On Getting Rid Of Stuff

Filed in American Wota 3.0

I’m loving the wota garage sale I’m holding for the same reason I love it when I give away / throw out two-thirds of my comics every few years. (Which I’m also in the middle of doing, though the local library’s the main recipient of that.) It not only clears the clutter from my shelves, it also clears clutter in my mind.

I’m something of a binge-and-purge collector. Sometimes I just need to buy buy buy, it’s like I can’t get enough. Other times I look around, wonder what I’m doing with all the stuff I’ve acquired, and proceed to get rid of it. I think this is a good thing for me, a way to keep my pack-rat instincts in check. After all, if I kept every comic book I ever owned, I’d have well over 30,000 – and that’s a lowball estimate not counting trade paperbacks and such. I don’t know about you, but that many comics and that much space being taken up is just much more than I need to consider. I also have friends whose homes are nothing but bookshelves – and while such a collection is impressive and even necessary if you’re an academic, that feels way too much like a burden to me.

For the past few months, I’ve been feeling the same about the idol stuff I’ve bought. Cui bono? I ask, as I tend to in most cases. Who benefits? Do I benefit from keeping all my UFA cards in a shoebox and never looking at them? That’s no way to treat them, they should be treasured and given a good home in a scrapbook or on a wall or something. Or how about my photobooks? While some get looked at pretty often – I often carry a Momoko or Shihono Ryo with me when I go to a coffee shop – a good many simply sit there and just languish. What’s the point in that? The CDs are the worse, since I don’t so much listen to Japanese idol music as watch it. But even then, there are concerts I maybe watch a couple times and then just shelve for good. And of course, there’s stuff which makes me stop and think, Why did I buy this in the first place?

And so, it’s time to say goodbye to much of this. If I was a saint, I’d give it all away for free and hope the karma benefits me. Instead, in true capitalist fashion, I try to make a quick buck because I never know when I wanna buy more stuff. I know the cycle, I know the urges will return soon enough.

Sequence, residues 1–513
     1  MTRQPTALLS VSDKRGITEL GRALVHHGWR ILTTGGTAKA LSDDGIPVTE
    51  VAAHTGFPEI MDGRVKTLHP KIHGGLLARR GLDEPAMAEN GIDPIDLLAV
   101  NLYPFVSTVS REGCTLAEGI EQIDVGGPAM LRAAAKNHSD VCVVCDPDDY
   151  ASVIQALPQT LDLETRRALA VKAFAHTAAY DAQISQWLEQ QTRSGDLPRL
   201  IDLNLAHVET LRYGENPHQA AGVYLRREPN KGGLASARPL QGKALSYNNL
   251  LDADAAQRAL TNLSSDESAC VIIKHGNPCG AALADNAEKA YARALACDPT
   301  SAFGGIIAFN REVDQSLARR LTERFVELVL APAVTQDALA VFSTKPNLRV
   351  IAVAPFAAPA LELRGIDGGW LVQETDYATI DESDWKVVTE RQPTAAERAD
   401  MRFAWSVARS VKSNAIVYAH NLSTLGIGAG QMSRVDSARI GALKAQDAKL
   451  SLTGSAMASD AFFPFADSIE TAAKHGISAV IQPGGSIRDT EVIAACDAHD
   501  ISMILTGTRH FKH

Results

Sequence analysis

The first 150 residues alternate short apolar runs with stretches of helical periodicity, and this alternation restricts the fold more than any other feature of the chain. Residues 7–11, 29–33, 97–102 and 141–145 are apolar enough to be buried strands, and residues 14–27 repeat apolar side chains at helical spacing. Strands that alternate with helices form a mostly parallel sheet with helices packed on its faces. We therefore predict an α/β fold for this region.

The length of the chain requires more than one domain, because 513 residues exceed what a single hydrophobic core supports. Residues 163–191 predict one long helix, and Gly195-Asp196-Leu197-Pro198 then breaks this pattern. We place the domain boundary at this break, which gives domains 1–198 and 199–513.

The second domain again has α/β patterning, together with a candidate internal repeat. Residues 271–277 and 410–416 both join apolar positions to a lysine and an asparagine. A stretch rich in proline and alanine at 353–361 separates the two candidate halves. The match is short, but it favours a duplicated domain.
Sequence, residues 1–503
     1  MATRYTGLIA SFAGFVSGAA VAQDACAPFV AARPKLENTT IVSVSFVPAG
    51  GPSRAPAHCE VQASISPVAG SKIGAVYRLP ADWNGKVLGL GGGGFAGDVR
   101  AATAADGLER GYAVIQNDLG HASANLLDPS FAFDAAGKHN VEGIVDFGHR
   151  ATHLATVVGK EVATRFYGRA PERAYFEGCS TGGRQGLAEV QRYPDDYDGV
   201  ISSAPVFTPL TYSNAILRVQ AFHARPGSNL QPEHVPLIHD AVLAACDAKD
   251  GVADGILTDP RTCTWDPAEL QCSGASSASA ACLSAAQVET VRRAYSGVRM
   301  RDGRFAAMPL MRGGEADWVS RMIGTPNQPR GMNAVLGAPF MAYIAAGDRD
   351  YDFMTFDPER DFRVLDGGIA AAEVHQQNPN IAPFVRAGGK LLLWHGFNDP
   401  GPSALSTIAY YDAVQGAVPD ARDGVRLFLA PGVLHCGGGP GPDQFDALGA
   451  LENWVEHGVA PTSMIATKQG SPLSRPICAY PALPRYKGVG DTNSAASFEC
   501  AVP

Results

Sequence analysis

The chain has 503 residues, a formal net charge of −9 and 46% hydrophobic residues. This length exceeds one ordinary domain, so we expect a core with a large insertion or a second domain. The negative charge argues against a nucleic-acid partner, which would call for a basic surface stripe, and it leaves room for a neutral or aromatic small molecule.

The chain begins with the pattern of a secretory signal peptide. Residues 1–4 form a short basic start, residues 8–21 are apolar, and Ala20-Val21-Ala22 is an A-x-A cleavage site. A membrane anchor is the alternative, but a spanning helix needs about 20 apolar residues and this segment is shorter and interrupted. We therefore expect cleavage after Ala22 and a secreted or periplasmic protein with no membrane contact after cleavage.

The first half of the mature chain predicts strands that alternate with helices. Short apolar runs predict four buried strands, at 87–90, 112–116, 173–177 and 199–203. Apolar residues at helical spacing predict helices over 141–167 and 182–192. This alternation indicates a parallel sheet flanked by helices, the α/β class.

Now, some people may wonder, If you’re going to buy stuff just to get rid of it later, why buy it in the first place? To which I say: “Commie! Commie! Not even the Russians and Chinese think like that anymore!” Seriously, though, one of the ways that overseas wota can do to feel more connected to their favorite idols is to buy their stuff. That’s the whole point of idols and the way they’re marketed – to sell bunches of  CDs and photobooks and knick knacks, and to make you feel good about it. Consumerism as worship is one of the hallmarks of the J-idol world, and I’m happy to take part of it. It’s just the length of the relationship with these goods that is called into question.

Some people have wonderful collections that provide fulfillment and enjoyment, but they actually take loving care of what they acquire. In contrast I am, by nature, a consumerist whore. I’ll love you the moment you come home with me and treasure you for a few days, and then ignore you after I’ve had my way with you. I am fickle and callous – I don’t keep obi strips, nor do I bag and board my comics. I do it for the thrill of the chase and the flexing of the wallet, but don’t always like keeping my trophies in plain view as shameful reminders of past conquests.

The sad part for me right now is I keep looking at the stuff still on my shelves and thinking, I can get rid of more. This is still too much. How much do I still hold onto out of pure sentiment? (The SweetS CDs and DVDs, which I will never get rid of.) How much will I probably outgrow? (Some of the U15 stuff… but not all of it.) How much am I holding onto out of some personal principle that I like this music, even if I don’t listen to it often enough? (Tommy and Bennie K.) But of course, pure sentiment and immediate gratification and personal principles are what help keep a collection cohesive and meaningful, isn’t it? (My most treasured comic book – the only one I’ve bagged and boarded – is the issue of Lois Lane where she turns herself into a black woman. That’s sentiment, immediate gratification, and personal principles all wrapped up in one!)

So in a powerfully cathartic way, this wota garage sale helps me feel more dedicated to the idols I most treasure (at the moment), allowing me to better focus on that which make me happiest. It clears my head and makes me feel more focused about the writing projects I have planned and – Hey! Does the new Wonder Girl single have a CD-DVD version I can buy? And look! Amuro Namie has a new Best Of collection coming out soon!

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2 Responses to “On Getting Rid Of Stuff”
  1. Craig says:

    I think I support this… in a moral sense =) hehe

  2. Tsuji_Eriku says:

    “I am, by nature, a consumerist whore. I’ll love you the moment you come home with me and treasure you for a few days, and then ignore you after I’ve had my way with you. I am fickle and callous – I don’t keep obi strips, nor do I bag and board my comics. I do it for the thrill of the chase and the flexing of the wallet”

    -you cut to the core of me my man
    I just moved into a much smaller room & I have no choice but to get rid of some of this stuff too